Aline Schlaepfer

Aline Schlaepfer holds a Ph.D. in Arab Studies from the University of Geneva. In her dissertation she examined the intellectual and literary activities of Jews in Baghdad from the Young Turk Revolution until their departure en masse in 1951 from a historical perspective. During her doctoral years, she was a visiting research student at the School of Oriental and African Studies (University of London) and the University of Haifa. A postdoctoral fellowship with the Swiss National Science Foundation brought her to the American University of Beirut, and to the Department of Near Eastern Studies in Princeton. Aline is currently a lecturer at the University of Geneva. She is the author of Les intellectuels juifs de Bagdad. Discours et allégeances (1908-1951) (Brill 2016), and articles dealing with the history of Jews in Arab countries, the implementation of the concept of minority in the Middle East and the study of the Ottoman legacy in post-Ottoman Arab spaces.


Selected Publications


Les intellectuels juifs de Bagdad. Discours et allégeances (1908-1951). Leiden : Brill, 2016

Voile, corps et pudeur. Approches historiques et anthropologiques. Co-edited with Yasmina Foehr-Janssens and Silvia Naef, Geneva: Labor et Fides, 2015


Special issues, articles and book chapters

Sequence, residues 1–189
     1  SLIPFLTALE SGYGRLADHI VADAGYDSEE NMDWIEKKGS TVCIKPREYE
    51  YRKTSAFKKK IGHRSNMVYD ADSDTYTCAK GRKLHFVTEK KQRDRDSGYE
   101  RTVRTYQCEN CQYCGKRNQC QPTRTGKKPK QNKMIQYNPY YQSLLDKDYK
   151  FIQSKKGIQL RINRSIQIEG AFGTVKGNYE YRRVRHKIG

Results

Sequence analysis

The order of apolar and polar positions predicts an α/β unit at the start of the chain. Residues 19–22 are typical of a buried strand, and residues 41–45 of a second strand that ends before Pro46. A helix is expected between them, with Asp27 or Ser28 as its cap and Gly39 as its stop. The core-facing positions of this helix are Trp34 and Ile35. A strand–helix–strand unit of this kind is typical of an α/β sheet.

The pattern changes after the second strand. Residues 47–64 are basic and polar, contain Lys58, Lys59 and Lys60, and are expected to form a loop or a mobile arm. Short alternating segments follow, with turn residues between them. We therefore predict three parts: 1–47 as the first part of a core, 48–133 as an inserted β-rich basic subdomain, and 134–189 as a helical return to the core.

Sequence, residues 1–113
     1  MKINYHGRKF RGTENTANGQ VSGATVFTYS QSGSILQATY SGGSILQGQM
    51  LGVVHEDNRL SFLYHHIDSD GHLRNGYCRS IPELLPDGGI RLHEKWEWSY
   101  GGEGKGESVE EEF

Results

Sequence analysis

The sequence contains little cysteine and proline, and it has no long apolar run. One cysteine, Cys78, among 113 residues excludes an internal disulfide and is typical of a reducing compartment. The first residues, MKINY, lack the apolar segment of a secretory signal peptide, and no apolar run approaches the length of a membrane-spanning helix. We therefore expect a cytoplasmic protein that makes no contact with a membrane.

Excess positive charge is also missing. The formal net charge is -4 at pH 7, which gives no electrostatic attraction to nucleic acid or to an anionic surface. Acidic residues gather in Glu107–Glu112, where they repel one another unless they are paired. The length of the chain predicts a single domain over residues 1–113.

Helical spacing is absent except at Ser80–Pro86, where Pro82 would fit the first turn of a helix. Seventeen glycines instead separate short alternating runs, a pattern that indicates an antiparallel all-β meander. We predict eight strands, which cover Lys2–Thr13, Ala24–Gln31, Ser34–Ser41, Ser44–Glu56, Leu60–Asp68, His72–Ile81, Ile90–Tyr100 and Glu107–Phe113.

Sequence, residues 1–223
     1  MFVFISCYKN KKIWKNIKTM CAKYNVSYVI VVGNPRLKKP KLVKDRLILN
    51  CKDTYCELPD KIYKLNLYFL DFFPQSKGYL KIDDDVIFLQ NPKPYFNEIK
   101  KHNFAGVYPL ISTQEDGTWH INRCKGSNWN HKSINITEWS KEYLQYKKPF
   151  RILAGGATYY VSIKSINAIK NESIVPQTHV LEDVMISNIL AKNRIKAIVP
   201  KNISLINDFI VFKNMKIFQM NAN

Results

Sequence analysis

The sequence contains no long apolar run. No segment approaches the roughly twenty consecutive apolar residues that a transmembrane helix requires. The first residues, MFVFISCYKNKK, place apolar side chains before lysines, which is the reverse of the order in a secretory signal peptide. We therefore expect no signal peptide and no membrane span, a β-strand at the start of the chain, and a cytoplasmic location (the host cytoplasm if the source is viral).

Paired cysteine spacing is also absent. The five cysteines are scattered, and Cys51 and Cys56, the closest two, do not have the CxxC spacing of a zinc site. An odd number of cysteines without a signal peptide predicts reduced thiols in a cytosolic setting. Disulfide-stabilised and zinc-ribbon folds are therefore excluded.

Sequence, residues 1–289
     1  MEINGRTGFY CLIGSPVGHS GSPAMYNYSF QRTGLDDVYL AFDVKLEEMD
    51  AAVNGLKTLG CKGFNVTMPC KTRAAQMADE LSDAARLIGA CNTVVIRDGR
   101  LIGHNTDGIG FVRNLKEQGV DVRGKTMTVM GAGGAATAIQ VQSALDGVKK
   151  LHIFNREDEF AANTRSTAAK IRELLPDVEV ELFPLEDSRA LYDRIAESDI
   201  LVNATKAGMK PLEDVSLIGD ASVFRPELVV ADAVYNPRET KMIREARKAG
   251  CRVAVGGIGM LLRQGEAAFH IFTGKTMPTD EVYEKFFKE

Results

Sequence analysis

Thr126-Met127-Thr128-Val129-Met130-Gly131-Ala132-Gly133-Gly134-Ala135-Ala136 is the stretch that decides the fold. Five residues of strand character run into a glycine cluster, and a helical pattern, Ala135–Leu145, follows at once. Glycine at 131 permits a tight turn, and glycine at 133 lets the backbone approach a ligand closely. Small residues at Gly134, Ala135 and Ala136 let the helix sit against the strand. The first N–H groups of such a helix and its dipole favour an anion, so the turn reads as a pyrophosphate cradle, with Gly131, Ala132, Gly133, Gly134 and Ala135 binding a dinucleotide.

Fantômes d’Empire. Persistances et revendications d’ottomanité(s) dans les espaces post-ottomans. Revue des mondes musulmans et de la Méditerranée, special issue co-edited with Philippe Bourmaud and Iyas Hassan, 2020

« Entre « communauté » et « minorité » juive. Les défis de la transition en Irak au moment de l’indépendance, » in Minorités en Méditerranée au XIXe siècle, ed. V. Assan, B. Heyberger and J. Vogel, Rennes : Presses universitaires de Rennes, 2019, 217-234.

“Defining Minorities: Mission Impossible? The Case of Hashemite Iraq,” Roundtable Minoritization and Pluralism in the Modern Middle East, International Journal of Middle East Studies 50/4, 2018, 769-772.

“When Antifascism Meets Anti-Colonialism. Modern Jewish Intellectuals in Baghdad,” in Minorities of the Modern Middle East. New Perspectives. ed. Laura Robson, NY: Syracuse University Press, 2016, 93-105